Professional Liability Lawyer
Professional liability concerns professionals whose unlawful or negligent conduct led to a physical, emotional or financial injury. Claims of professional malpractice can be brought against the following:
- Social workers
- Insurance agents
- Stock brokers
- Corporate officers and directors
- Real estate brokers
Professionals are held to certain standards of competence and have a duty or legal obligation to adhere to those standards when dealing with the public. These standards include an ethical and legal duty to exercise the level of care and skill found in their code of practice or as imposed by self-regulating boards along with specific state and federal laws, or as other professionals in the same discipline would be under similar circumstances. For example, corporate officers and directors and stock brokers have fiduciary obligations to shareholders and to their financial clients. Accountants may be liable for negligent misrepresentation and fraud when conducting audits or in advising clients in financial matters.
The legal and medical fields are among the most common professions that are the target of malpractice lawsuits.
In the legal industry, lawyers are also held to a standard of care. However a poor outcome in a case does not equate to legal malpractice.
Before you can prevail, your case has to meet certain elements. These include:
- The attorney had a duty to act properly
- The attorney breached that duty by underperforming, using the wrong law or in improperly advising you
- As result, you were hurt financially
- You suffered economic damages
You must also demonstrate that you would have prevailed in the underlying case or the matter handled by your attorney in which the attorney failed to act properly. This would entail providing evidence that you retained the attorney, that there existed documentation and other evidence that would be viewed as being substantially in your favor, and that you would have collected a certain amount in compensation or damages. Finally, the defendant in that case must have had the financial resources or insurance coverage to have paid you.
Examples of legal malpractice vary:
- Failure to file a lawsuit before expiration of the statute of limitations
- Failing to do any work on your case despite your repeated contacts
- Dismissal of your case because of lack of work by the attorney
- Your lawyer settled your case without your authorization
- The attorney used your retainer for a personal matter
- The lawyer failed to follow the applicable law in handling your case
In any of these situations, you still have to prove that you could have won the underlying matter. Despite your attorney having failed to file your case in time or in not prosecuting your matter and having it dismissed, if there was disputed liability in the subject case, you may not obtain any compensation.
These cases are difficult to win but if your underlying matter was strongly supported, you may be able to obtain compensation. Consult with a professional malpractice lawyer if your attorney failed to act or engaged in any of the above practices or omissions.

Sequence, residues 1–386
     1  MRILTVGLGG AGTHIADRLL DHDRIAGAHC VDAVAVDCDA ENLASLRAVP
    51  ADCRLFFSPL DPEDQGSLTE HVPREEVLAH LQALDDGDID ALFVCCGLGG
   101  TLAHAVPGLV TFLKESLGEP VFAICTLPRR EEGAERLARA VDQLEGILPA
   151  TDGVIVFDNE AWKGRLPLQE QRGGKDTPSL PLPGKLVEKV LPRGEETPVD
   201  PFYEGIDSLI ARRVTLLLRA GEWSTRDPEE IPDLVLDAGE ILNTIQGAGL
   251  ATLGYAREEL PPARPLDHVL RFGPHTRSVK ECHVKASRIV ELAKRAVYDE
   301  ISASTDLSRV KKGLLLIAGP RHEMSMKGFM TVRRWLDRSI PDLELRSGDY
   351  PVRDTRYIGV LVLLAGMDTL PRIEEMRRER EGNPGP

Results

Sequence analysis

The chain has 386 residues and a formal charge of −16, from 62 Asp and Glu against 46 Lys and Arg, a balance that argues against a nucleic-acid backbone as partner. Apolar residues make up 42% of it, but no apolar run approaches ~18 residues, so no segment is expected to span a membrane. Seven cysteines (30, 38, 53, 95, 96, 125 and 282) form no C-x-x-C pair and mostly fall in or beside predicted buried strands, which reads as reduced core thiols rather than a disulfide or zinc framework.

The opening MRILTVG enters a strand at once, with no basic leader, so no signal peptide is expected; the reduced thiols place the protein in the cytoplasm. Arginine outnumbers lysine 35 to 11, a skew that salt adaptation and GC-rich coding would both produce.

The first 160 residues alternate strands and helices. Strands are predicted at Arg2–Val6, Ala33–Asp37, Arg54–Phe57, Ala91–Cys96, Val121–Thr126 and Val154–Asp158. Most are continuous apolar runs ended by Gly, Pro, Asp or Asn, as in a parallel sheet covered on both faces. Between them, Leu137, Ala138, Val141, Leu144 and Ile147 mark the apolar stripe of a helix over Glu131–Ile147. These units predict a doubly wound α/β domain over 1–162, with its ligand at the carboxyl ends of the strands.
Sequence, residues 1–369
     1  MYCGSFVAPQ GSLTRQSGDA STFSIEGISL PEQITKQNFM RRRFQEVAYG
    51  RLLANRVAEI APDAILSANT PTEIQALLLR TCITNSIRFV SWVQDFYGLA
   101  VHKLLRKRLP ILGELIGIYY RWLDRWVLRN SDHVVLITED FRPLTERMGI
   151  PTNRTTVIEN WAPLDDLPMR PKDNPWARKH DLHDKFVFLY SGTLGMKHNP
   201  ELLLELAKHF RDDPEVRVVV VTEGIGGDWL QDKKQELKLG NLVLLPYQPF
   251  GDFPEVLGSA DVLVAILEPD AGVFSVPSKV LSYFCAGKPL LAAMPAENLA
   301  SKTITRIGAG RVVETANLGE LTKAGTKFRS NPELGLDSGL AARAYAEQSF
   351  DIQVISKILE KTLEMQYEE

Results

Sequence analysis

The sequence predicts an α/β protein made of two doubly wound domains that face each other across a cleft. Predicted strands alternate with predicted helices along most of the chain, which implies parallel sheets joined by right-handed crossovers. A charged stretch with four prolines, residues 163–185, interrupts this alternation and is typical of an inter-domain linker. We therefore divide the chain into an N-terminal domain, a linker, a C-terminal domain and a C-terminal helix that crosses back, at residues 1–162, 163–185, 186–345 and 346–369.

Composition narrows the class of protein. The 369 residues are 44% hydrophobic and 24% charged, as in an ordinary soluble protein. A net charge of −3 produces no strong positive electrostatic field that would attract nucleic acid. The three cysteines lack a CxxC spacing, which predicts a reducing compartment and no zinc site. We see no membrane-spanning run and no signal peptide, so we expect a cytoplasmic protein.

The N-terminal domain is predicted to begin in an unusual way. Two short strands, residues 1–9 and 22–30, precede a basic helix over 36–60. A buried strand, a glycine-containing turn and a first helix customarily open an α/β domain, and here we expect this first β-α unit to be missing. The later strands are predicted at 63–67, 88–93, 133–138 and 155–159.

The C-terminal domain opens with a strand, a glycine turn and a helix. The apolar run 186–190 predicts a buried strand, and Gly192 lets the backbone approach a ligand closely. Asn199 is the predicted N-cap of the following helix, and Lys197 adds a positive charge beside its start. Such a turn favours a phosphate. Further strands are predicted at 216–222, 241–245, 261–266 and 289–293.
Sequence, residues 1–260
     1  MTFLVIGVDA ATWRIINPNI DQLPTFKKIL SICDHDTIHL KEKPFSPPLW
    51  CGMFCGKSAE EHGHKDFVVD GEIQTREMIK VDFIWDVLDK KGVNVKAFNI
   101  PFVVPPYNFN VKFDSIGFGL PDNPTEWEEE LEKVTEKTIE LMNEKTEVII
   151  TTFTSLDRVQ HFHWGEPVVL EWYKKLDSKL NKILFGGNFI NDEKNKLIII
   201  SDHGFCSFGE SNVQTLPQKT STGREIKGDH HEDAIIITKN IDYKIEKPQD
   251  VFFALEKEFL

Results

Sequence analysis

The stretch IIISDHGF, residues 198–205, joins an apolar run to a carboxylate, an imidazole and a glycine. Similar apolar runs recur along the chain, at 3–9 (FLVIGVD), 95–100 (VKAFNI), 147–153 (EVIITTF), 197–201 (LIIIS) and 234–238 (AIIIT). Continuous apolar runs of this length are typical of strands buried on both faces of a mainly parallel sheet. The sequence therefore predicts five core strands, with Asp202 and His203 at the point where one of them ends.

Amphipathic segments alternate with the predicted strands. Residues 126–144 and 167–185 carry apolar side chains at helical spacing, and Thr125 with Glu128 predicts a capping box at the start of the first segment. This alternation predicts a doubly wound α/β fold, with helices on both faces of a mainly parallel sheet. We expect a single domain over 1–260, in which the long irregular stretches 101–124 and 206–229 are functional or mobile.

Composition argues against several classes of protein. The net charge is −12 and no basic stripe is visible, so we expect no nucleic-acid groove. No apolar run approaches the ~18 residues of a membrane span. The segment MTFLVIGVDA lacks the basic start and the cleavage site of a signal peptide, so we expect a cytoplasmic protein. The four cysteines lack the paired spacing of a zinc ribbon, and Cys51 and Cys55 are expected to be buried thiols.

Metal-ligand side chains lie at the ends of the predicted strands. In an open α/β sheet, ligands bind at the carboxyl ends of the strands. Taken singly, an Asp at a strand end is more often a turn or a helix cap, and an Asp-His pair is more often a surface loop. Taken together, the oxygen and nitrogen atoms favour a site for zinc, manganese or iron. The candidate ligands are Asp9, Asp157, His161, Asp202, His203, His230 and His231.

There is an entire field of law devoted to medical malpractice cases. Doctors, nurses and hospitals are sued for various instances of misconduct including surgical errors, failure to follow protocol and improper training.
Doctors are held to the standard of the average qualified and careful physician practicing in the same discipline or field of medicine under similar circumstances. You must also follow strict notice and filing requirements before your claim may be heard.
These cases are often a battle of the medical experts who may argue over what the standard of treatment is for this particular patient and if the doctor’s actions were reasonably skillful and careful in that case. The standard of proof is the usual civil one of proof by a preponderance of the evidence that the doctor’s conduct constituted medical negligence. Promptly consulting with a medical malpractice lawyer in these cases is essential to meet strict deadlines and to preserve testimony and other evidence so that your burden of proof can be met.
Massachusetts law usually requires expert medical testimony to allege and support a claim of medical negligence. Further, your claim must first be reviewed by a panel consisting of a judge, physician and attorney to determine if your case is properly substantiated and contains a legitimate issue of liability. You can still file your case if the panel rules against you but you do have to post a $6,000 bond for the defendant’s costs if you lose at trial.
Even if the physician’s actions were arguably negligent, you have to prove causation or that the doctor’s specific failure to act or the physician’s negligent act was the cause of your injury or death.
Some of the more common types of medical negligence include:
- Wrong site surgery
- Leaving a surgical instrument in the patient
- Not getting a proper or complete history of the patient
- Anesthesia errors
- Failure to diagnose
- Improper treatment
- Wrong medication administered
- Failure to warn of known risks of surgery or course of treatment
You can sue for certain damages including pain and suffering, emotional trauma, medical expenses and lost earnings and lost earning capacity.
In Massachusetts, your award for pain and suffering, loss of companionship and other damages is limited to $500,000 in medical malpractice cases. The law does allow for increased general damages if you can demonstrate that there was a substantial loss or impairment of a bodily function or substantial disfigurement and that limiting the award would deprive the plaintiff of just compensation.